Among the many things that affect children are mental health issues. As a result, some youth must seek mental health services. One mental health issue that adolescents act on or struggle with wanting to do is committing suicide. This behavior is the third well known cause of death among child and adolescents ranging from age 10 to 19 across the United States.
The attempts of suicide throughout adolescence turns into further morbidity such as consistent attempts causing a need for mental health services. Adolescence is a time period where you are encountering various changes. For example puberty. During puberty adolescents change mentally, physically, and emotionally. They often began to spend a lot of time focusing on how other view them, the way their body image may or may not be changing, and often find themselves of a n emotional roller coaster (Wu, Katic, & Bozena, 2010).
Once of the strengths of this article was the large sample size. Additionally, the authors noted that the subjects were of various racial-ethnic backgrounds, socioeconomic statuses, perceived health status, gender, as well as family characteristics. All of these demographics were taken into consideration for the study.
A weakness of this article included the type of data collection. It was computer-assisted person interviews in the teens’ homes. I felt that if the teen had difficulty reading, they would have difficulty completing the information being asked. Since all of the information was obtained in this manner, the accuracy may be questionable. Also, although using both male and female participants is a strength, the weakness is that the majority of the individuals were female. In this study, 70% of the individuals described herself as female, however, the study did not state if the rest were male, or if some individuals described themselves as transgender. The study may not have given that as an option. Additionally, the authors noted that the measures of anxiety, depression, and disruptive behavior problems may not be adequate as they did not take into account the duration of symptoms or the impairment of the individuals. (Wu, Katic, Bozena, et al, 2010).
About 60 % to 80 % of adolescents have co-occurring mental health disorders. These adolescents are referred to treatment for substance abuse. Majority pf these children struggle with a combination of things such as family, school, and criminal involvement. Often these adolescents do not receive a level of support to prevent relapses.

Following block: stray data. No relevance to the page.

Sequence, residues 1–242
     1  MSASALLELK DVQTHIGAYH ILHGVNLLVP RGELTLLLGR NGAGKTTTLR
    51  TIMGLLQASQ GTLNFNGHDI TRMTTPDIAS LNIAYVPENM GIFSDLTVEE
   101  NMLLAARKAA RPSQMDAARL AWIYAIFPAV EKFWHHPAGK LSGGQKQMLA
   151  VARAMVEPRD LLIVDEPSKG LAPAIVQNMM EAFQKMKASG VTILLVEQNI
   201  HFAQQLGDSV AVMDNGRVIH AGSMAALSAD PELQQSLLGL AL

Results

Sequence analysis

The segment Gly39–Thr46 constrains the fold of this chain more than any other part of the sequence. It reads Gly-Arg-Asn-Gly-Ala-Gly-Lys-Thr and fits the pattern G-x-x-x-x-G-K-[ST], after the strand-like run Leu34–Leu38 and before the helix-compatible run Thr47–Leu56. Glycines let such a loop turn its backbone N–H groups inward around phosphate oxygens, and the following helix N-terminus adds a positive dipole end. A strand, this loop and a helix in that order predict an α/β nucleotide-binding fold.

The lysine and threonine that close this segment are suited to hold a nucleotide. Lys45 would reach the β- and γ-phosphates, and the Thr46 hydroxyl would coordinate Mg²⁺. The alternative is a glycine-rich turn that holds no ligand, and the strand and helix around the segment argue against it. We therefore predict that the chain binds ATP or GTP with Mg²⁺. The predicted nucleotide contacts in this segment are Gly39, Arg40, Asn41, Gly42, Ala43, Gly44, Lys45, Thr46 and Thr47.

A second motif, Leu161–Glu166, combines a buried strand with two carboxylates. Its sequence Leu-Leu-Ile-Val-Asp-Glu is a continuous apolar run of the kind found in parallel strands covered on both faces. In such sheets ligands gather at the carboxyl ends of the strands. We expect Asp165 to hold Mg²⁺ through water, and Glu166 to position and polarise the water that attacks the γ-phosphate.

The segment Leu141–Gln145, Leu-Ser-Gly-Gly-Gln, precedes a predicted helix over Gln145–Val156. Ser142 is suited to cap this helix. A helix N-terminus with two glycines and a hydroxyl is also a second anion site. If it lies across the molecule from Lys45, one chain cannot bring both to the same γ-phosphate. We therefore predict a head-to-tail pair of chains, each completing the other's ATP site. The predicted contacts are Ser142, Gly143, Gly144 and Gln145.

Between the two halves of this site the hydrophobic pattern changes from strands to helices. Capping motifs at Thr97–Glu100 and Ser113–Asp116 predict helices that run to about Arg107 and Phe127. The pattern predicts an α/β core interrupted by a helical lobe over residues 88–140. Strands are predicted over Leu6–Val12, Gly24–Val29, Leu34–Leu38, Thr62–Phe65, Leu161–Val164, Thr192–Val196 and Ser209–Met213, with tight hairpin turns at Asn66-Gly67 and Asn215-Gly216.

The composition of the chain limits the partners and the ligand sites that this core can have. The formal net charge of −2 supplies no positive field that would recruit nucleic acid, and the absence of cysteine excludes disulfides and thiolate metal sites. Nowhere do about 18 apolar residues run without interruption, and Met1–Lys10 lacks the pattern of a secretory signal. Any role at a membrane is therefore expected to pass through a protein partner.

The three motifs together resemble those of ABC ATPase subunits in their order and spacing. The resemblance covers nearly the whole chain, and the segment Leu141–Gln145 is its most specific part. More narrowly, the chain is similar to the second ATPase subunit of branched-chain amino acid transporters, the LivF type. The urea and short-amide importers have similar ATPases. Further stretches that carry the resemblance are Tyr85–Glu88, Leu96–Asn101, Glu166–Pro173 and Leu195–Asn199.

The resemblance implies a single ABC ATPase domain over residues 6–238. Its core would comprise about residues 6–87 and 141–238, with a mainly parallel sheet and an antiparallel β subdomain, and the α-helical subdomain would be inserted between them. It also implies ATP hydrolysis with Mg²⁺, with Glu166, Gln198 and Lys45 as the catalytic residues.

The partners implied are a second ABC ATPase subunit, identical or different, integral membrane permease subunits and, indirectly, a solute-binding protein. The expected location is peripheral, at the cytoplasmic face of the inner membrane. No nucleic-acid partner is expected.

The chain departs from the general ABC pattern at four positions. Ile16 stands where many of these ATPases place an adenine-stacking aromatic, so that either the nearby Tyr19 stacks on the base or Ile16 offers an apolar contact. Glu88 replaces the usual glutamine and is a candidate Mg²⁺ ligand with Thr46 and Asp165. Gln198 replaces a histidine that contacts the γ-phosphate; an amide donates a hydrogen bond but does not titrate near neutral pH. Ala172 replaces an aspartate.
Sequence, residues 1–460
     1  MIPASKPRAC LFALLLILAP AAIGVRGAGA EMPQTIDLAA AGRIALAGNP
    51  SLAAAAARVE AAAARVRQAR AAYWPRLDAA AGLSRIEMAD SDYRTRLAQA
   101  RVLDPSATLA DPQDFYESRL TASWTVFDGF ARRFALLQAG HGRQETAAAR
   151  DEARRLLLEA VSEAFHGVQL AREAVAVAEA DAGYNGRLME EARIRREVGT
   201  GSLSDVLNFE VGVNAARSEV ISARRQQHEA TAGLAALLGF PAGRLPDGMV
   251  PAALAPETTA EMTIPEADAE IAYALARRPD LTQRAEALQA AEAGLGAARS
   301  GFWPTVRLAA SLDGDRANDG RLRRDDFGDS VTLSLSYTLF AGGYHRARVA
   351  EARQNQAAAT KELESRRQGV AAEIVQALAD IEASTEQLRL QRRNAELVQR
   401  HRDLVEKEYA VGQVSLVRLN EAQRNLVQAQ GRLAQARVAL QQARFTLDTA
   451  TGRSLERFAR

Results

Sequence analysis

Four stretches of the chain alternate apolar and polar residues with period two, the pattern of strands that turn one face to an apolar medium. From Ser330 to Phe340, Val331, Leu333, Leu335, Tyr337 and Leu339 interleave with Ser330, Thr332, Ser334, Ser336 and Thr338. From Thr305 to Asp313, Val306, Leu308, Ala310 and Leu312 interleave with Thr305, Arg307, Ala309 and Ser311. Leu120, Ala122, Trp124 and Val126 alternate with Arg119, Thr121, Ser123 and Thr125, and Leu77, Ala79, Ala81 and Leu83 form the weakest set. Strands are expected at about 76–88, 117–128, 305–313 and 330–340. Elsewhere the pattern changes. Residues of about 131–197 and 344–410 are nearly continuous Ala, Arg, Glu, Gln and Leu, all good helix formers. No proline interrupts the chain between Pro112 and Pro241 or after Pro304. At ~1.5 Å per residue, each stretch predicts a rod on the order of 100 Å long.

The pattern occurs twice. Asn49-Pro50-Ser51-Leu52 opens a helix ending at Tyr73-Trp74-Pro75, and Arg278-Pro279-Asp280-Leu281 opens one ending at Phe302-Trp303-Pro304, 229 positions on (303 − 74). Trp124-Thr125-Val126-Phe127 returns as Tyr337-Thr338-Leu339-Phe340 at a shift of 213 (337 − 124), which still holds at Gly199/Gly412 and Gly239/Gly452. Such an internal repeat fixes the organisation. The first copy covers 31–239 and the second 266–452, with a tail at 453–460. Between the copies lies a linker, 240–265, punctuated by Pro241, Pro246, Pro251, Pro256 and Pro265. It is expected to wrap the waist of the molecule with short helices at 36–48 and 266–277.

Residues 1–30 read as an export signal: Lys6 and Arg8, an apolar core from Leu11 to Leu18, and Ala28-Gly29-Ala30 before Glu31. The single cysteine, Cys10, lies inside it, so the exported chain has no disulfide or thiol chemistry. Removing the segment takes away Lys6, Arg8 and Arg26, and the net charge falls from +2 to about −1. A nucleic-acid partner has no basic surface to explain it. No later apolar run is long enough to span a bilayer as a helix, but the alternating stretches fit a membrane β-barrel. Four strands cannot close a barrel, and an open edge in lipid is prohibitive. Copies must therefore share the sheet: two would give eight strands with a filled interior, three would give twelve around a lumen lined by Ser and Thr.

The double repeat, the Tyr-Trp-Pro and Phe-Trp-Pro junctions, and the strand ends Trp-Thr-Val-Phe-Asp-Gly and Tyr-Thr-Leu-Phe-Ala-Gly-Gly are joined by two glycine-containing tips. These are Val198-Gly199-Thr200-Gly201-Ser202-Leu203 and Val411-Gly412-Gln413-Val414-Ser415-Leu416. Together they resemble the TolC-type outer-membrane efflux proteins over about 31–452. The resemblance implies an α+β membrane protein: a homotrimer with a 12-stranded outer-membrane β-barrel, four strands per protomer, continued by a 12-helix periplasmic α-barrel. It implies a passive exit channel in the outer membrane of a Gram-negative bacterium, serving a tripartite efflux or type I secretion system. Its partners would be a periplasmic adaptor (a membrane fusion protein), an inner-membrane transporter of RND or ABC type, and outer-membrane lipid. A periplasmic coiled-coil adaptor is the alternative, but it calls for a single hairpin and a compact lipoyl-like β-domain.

According to the article about 20 billion per year is spent by Medicaid on mental health services and 1 billion for substance abuse for treatment. The Substance Abuse and Mental Health Services Administration are two grants for substance abuse besides Medicaid. The downfall is that only half or little. This article showed strength in that it had a very large sample size for its study which can be generalized to larger population. The authors were able to show results with a significance of p <.001 due to the large sample size.
The subjects for this study all lacked private insurance. The authors broke down the subjects into the two categories of Medicaid eligible, and Medicaid non-eligible participants. They made no mention of individuals who were eligible, but had no coverage and for what reason. As part of secondary research, an ethical issue is providing relevant, useful information. Useful information in this article would have been to find out substantial reasons why those who are eligible were not obtaining the needed insurance.
Healthcare is definitely a battle these days. With the economy being at risk and people losing their jobs there are so many without healthcare for their families. Therefore the medical attention that children need to tackle some of these very issues continues to rise. As a result, certain issues go without getting the treatment they need which can affect other forms of development on down the line.
Depression and Internet Addiction in Adolescents